Ground Loops in Beatrice, Nebraska, Geothermal Applications

You’ve finally gotten, or are thinking about getting, a a new heating and cooling system. Maybe you’re weighing the advantages of a new Geothermal HVAC. Whatever the circumstances, you probably want to know a little bit more about how geothermal works.

Geothermal HVACs take consistent temperature from the ground to deliver hot or cool air to your home’s interior. This is possible because of an underground system called a geothermal ground loop.

Ground loops are,in essence, just an underground pipe system. A few basic sorts of these systems are used for heating and cooling most residential and commercial buildings.

Antifreeze fluid goes through plastic pipes to move heat effectively and efficiently up to a heat pump in your home.

There exist four different sorts of loops: Open Loop, Pond Loop, Horizontal Loop and Vertical Loop. These fall into one of two different categories: either they’re open loop systems or closed loop systems. The right system for your home is determined by the structure and the property on which it sits. Residential systems typically use vertical or horizontal loops.

Below are further explanations of each type of ground loop.

Closed systems, which encompass vertical, horizontal, and pond loops, continuously circulate water through them.

Vertical ground loops are the most common type used residentially because, unlike horizontal loops, they don’t need much of space. They’re set in place by drilling tight-diameter holes in the ground that go 100-400 feet deep. Then pipes are driven into the holes and connected under ground to form the vertical loop. Next, extra pipes are attached that channel fluid to the indoor system to transfer the needed temperature from the ground.

In contrast to a vertical loop system, a horizontal system needs significantly more space but is actually not as pricey considering it just uses 2 straight pipes placed 6 inches down in the ground over an area of ¼ to ¾ acre.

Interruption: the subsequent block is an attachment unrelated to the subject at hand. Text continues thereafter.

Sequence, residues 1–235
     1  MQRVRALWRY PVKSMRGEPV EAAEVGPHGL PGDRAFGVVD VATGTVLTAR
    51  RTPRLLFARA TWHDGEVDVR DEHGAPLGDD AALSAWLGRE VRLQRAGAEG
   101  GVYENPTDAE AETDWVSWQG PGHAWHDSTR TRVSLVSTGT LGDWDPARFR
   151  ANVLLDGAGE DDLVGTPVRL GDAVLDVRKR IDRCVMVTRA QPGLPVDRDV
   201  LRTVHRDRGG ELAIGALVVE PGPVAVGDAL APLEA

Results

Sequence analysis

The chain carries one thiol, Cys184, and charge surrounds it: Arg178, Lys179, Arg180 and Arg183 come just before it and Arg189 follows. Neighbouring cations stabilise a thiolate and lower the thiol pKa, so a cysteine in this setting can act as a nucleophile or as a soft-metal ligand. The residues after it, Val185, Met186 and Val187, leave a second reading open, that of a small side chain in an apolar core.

If you’re partial to a pond loop system, it should go without saying that you must be near a pond, lake, pond, or well. Coils are installed vertically and attached to the bottom of the water source. Water is then moved through more pipes underground to a pump, where the heat is pulled out and cool water is returned to the pond. That said, in order for this system to work, the water must not be acidic or else pipes will erode and filters will need to be replaced often.

The major difference between open and closed looped systems is the open loop’s need for a plentiful source of groundwater, a well or a pond, for example. From there, it directly pumps water into the heat pump unit to be used in heating and cooling your home or other structure.

Generally speaking, used water is taken care off in either of these ways: through surface drainage or water re-injection. In returning the water back to the earth, it is crucial to note that there is no pollution generated. The only difference in water that’s processed through a geothermal heat pump is a negligible change in temperature.

Before you install an open loop system, it is essential to know whether a well or pond holds enough water to power your geothermal heat pump, and that it won’t exhaust a neighbor’s well source. See that you check with your local contractor on whether there’s enough water on hand to justify installing an open loop geothermal heating system.